There are clearly deficiencies in the management of Ford prison in west Sussex. We must wait on the results of the official investigation into the events of recent days to get a clear picture, but early reports suggest that prisoners had been drinking on New Year's Eve and went on the rampage after staff attempted to breathalyse them. The damage has been considerable. Rioters burned down six accommodation blocks, a gym, a mail room and a snooker room. Around 160 prisoners will now have to be transferred to other jails.
The warning signs were there. A report last year by Anne Owers, the chief inspector of prisons, said that alcohol, drugs and mobile phones were regularly being smuggled into the open prison. Insufficient staffing also appears to have been a factor. It has been claimed that there were only two officers and four support staff on duty supervising almost 500 inmates when the trouble started.
But this incident should not result in an official lurch away from the more progressive approach to penal policy set out by the Justice Secretary, Ken Clarke, last month. Prisoners should, of course, be prevented from taking alcohol into open prisons. Yet it should not be forgotten that lower security is the point of these institutions.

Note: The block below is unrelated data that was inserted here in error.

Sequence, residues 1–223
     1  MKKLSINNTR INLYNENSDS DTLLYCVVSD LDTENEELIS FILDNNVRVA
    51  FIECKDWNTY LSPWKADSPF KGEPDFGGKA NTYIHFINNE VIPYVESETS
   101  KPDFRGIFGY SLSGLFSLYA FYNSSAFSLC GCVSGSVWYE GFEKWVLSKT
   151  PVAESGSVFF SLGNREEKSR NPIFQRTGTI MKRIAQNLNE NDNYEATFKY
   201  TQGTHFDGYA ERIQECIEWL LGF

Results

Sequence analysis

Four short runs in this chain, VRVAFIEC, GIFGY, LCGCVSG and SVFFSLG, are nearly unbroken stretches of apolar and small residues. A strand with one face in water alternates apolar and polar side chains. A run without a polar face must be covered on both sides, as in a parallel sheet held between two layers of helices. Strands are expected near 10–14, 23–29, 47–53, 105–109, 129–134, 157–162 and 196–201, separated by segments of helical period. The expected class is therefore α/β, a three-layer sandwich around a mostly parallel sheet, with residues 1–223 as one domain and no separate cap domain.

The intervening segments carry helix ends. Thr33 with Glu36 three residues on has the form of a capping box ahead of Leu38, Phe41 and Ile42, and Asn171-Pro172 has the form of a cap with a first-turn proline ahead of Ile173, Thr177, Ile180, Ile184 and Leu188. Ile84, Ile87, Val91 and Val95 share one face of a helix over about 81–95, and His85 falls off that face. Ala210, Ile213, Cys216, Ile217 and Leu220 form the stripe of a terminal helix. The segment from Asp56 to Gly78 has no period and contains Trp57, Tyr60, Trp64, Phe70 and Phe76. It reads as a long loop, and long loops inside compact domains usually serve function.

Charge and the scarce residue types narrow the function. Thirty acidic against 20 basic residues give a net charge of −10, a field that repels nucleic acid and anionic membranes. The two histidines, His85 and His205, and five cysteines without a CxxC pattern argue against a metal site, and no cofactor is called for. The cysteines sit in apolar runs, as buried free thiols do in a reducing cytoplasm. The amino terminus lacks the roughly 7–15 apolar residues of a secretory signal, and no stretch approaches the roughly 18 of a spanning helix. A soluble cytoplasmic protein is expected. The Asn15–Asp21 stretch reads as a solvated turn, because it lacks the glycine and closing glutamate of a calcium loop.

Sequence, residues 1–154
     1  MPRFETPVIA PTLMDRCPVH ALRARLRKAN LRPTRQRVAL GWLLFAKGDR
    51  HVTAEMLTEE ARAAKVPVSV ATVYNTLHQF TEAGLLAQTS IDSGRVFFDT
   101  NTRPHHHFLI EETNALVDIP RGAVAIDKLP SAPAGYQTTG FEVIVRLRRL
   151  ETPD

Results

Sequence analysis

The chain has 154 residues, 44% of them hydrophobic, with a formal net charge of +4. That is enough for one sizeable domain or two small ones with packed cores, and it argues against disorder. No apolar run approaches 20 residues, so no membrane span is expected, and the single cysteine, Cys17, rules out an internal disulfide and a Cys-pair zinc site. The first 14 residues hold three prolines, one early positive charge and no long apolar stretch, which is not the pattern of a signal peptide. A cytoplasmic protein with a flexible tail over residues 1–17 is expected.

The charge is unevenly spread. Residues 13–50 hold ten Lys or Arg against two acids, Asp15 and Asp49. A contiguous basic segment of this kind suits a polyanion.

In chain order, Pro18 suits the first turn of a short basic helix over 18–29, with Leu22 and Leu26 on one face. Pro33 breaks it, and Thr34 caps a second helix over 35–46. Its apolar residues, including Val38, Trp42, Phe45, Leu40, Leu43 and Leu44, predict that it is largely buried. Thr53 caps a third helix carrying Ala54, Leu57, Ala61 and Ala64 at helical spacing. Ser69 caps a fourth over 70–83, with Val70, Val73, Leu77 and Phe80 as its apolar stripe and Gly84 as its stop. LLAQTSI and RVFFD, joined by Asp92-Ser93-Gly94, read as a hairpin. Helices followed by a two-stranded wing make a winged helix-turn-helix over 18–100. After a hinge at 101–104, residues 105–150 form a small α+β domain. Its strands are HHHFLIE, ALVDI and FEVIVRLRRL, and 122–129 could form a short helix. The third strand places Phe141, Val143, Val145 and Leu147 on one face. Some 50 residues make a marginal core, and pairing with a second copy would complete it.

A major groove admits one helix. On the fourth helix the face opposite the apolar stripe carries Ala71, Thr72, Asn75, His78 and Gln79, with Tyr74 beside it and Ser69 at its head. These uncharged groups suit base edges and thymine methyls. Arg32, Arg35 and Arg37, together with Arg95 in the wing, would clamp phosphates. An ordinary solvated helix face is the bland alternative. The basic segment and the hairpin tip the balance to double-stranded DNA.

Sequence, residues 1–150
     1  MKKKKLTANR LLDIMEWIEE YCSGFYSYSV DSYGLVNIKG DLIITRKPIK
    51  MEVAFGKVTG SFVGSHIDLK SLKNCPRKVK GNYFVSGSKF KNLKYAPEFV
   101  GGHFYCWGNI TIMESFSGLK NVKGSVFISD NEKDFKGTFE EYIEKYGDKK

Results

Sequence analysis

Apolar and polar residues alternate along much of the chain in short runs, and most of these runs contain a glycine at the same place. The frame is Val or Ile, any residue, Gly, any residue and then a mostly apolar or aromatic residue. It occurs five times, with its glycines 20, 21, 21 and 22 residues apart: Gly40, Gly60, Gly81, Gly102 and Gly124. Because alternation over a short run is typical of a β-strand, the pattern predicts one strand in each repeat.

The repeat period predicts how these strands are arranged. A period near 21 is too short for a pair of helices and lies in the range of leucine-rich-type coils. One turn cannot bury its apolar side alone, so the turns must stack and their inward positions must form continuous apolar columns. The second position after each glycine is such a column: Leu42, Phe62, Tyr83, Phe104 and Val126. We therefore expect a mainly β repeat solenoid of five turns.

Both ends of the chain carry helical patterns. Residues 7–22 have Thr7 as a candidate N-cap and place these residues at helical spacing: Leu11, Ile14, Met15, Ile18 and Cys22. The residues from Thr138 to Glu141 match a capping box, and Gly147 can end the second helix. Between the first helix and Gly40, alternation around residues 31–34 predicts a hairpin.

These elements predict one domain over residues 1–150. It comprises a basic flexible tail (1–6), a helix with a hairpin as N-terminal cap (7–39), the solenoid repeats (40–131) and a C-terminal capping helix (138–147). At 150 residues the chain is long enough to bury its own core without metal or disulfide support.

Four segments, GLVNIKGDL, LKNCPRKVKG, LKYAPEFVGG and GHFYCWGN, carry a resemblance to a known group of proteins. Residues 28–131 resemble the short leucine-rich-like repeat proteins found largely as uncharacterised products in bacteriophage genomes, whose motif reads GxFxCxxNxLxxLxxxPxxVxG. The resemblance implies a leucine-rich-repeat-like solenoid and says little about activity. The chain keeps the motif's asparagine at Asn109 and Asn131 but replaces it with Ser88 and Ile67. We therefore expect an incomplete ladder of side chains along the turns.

Open prisons play an important part in the rehabilitation process, helping inmates who are approaching the end of their sentences to adapt gradually to normal life. At Ford inmates can wander freely around the complex and even go on day release. Ford also provides facilities for inmates to engage in vocational training and study for educational qualifications. This sort of liberal regime is the strength of these institutions.
Prison policy for the past two decades has been subject to a ratchet effect. Every time politicians have turned their attention to the sector, in response to some public outcry, they have imposed a more punitive approach. Ford's failings need to be addressed. An unsafe prison is plainly one in which rehabilitation cannot be effective. Yet this riot should not be used as an excuse by the Coalition to revert to the counterproductive penal policies of recent years.